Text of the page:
You perform one of several religious ceremonies. When you cast the spell, choose one of the following ceremonies, the target of which must be within 10 feet of you throughout the casting.

Atonement. You touch one willing creature whose alignment has changed, and you make a DC 20 Wisdom (Insight) check. On a successful check, you restore the target to its original alignment.
Bless Water. You touch one vial of water and cause it to become holy water.
Coming of Age. You touch one humanoid who is a young adult. For the next 24 hours, whenever the target makes an ability check, it can roll a d4 and add the number rolled to the ability check. A creature can benefit from this rite only once.
Dedication. You touch one humanoid who wishes to be dedicated to your god’s service. For the next 24 hours, whenever the target makes a saving throw, it can roll a d4 and add the number rolled to the save. A creature can benefit from this rite only once.
Funeral Rite. You touch one corpse, and for the next 7 days, the target can’t become undead by any means short of a Wish spell.
Wedding. You touch adult humanoids willing to be bonded together in marriage. For the next 7 days, each target gains a +2 bonus to AC while they are within 30 feet of each other. A creature can benefit from this rite again only if widowed.

Casting Time: 1 hour
Range: Touch
Components: V, S, M (25 gp worth of powdered silver, which the spell consumes)
Duration: Instantaneous
School: 1st-level abjuration (ritual)

Xanathar’s Guide to Everything, pg. 151

Ceremony 5e

Ceremony is a fun little flavor spell that adds numerical benefits to different rites of passage. While it doesn’t normally see much play, it can offer a way to give player(s) in your group a long-term, no concentration buff — the perfect thing for the most difficult part of your adventure.

But for now, let’s get into the spell’s mechanics and rules questions. Then we’ll get into its uses and tips for DMs running up against the age-old question of what constitutes “widowed” status in a polygamous marriage.

Who Can Cast Ceremony in 5e?

The following classes have Ceremony on their spell list:

No subclasses get Ceremony for free, but Divine Soul Sorcerers have access to it via their expanded class spell list.

What Does Ceremony Do in 5e?

Ceremony requires the caster to touch a target and for the target(s) to remain within 10 feet of the caster throughout the casting. Ceremony causes one of six unique effects:

  1. Atonement. Restore a creature to their original alignment on a successful DC 20 Wisdom (Insight) check.

  2. Bless Water. Make one vial of water holy water.

  3. *Coming of Age. Give a young adult +1d4 to ability checks for 24 hours.

  4. *Dedication. Give a creature recently converted to your religion +1d4 to saving throws for 24 hours.

  5. Funeral Rite. Prevent a corpse from becoming undead for 7 days (excepting a Wish spell).

  6. Wedding. Targets 2+ adult humanoids and grants +2 AC to them while they are within 30 feet of each other for 7 days. May only benefit from this again if widowed.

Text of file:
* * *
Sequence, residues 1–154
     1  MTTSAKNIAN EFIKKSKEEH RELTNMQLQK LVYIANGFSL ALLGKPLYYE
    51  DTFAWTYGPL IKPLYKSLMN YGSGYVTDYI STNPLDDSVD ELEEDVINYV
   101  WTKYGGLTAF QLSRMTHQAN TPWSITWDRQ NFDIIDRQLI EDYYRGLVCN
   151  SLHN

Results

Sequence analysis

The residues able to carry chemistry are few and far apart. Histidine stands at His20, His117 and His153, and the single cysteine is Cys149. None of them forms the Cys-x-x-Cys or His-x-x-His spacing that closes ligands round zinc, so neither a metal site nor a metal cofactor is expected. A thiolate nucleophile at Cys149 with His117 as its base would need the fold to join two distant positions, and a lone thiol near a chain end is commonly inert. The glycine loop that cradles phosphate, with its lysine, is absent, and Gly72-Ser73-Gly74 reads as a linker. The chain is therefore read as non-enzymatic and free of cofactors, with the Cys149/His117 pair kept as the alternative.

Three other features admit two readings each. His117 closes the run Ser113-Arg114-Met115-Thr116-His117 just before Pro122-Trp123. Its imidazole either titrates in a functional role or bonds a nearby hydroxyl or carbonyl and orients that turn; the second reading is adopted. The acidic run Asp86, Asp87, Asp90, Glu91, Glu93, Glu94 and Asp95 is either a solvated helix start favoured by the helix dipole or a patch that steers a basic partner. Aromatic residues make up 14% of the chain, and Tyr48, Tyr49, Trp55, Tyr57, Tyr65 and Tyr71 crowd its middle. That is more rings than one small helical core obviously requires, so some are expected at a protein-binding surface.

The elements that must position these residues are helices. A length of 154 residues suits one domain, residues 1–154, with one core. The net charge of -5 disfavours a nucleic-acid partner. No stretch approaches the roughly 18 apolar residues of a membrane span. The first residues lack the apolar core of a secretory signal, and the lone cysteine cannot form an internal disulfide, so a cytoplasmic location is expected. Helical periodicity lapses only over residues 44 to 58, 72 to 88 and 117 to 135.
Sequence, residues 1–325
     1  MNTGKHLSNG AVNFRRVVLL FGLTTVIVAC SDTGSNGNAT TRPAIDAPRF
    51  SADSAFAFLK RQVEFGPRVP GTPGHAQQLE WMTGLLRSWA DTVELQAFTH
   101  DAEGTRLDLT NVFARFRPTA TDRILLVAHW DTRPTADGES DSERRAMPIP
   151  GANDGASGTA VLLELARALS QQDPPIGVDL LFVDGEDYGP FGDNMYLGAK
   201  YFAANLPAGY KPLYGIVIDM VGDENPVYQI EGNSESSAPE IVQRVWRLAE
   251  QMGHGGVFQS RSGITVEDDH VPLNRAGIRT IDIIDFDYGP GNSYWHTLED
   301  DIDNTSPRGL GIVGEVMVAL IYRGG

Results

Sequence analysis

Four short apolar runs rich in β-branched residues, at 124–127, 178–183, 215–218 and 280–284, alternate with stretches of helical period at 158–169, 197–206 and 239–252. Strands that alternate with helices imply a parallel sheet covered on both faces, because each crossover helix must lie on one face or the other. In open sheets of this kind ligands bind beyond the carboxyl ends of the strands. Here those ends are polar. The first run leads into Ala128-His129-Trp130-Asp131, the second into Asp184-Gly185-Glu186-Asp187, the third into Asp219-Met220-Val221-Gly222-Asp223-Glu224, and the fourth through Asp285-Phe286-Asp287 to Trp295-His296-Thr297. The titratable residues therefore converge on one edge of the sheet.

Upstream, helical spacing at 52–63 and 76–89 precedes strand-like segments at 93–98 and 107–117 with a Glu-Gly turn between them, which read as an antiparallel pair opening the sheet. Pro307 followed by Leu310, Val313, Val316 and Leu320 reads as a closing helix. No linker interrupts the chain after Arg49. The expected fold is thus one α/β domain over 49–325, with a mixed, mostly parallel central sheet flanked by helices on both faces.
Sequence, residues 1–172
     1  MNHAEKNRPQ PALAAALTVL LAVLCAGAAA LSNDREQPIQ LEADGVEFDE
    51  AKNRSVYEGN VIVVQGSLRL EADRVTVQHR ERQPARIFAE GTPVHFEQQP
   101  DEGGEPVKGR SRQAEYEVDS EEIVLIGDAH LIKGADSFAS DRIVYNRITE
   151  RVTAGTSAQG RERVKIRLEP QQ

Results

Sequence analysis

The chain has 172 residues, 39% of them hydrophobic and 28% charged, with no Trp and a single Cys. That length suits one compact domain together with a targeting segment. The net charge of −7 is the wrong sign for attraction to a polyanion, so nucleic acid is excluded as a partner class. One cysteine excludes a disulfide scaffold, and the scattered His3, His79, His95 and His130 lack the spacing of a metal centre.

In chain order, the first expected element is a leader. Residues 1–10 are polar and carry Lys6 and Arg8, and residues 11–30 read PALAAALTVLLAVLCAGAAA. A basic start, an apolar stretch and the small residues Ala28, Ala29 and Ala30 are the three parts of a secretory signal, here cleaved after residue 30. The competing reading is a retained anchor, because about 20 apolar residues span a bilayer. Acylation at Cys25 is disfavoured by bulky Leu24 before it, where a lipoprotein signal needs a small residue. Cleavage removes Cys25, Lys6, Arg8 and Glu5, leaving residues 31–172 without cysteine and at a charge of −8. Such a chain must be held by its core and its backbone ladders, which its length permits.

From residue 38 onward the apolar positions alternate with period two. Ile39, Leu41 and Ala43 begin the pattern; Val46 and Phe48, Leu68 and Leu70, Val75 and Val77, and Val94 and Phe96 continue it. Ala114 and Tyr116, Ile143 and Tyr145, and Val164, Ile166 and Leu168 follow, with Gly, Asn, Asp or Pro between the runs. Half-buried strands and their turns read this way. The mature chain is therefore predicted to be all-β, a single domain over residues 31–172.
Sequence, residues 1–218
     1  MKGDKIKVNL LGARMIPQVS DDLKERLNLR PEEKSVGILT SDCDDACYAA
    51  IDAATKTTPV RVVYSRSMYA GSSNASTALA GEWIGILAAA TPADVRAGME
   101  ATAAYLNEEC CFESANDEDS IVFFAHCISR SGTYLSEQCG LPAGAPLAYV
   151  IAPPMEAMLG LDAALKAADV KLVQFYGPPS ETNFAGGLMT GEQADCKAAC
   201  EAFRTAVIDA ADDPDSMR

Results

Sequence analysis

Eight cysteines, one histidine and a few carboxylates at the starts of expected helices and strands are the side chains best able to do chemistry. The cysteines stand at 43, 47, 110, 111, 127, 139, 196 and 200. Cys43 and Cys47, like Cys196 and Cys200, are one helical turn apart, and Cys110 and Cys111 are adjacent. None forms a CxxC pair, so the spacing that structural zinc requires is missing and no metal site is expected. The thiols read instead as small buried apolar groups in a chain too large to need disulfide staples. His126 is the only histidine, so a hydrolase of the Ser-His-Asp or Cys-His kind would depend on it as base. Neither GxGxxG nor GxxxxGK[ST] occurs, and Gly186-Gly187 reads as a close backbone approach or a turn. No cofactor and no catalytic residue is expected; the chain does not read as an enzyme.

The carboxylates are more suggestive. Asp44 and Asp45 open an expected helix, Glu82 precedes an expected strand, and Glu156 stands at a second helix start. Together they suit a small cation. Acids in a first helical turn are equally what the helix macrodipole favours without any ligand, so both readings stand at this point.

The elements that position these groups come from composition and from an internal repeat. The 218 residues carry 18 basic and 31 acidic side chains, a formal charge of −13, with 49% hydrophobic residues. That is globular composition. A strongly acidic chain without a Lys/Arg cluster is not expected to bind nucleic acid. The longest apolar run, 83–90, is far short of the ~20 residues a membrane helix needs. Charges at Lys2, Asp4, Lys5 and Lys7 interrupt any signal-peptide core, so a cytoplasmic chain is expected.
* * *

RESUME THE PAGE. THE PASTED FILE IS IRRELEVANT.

**A creature can only benefit from Coming of Age and Dedication once in their life.

Blessing requires 25 gp worth of powdered silver to cast, which the spell consumes.

What Are the Rules for Ceremony in 5e?

The rules for Ceremony in DnD 5e are as follows:

  • Ceremony can be cast as a ritual in 1 hour and 10 minutes. This also doesn’t expend a spell slot (PHB 201-2). Paladins and Sorcerers cannot ritual cast, but Clerics can.

  • You can marry more than two humanoids at once. The spell only indicates touching “adult humanoids,” so your only real limit per casting is how many humanoids are able to get within 10 feet of the caster.

  • “Widowed” is up to DM interpretation. Some players may go for the cheeky trick of a safe, controlled death followed by a casting of Revivify, for example.

    Hey — they were widowed for <1 minute, but widowed all the same as far as Merriam-Webster is concerned -- "lost a spouse or partner by death and usually has not remarried." There's also the case of polygamy. If you marry five spouses and one of them dies, are you widowed? It's likely most polygamous cultures would see it that way. Does that mean the character can re-marry new spouse(s) to gain the Wedding rite benefits again? Up to your DM.

  • Clerics and Paladins can already bless water without the Ceremony spell. Same cost, time, material requirements, and 1st-level spell slot requirement — although it can’t be done as a ritual, so Ceremony is superior for Clerics with 10 extra minutes on their hands.

dungeons and dragons spellcaster miniatures

How Do I Use Ceremony in 5e?

Here are a few ways to use Ceremony in DnD 5e:

  1. Have ceremonies before big adventuring days. Coming of Age, Dedication, and Wedding give significant long-term combat buffs — with no concentration requirement. Take advantage of that fact by performing these rites before facing a big challenge.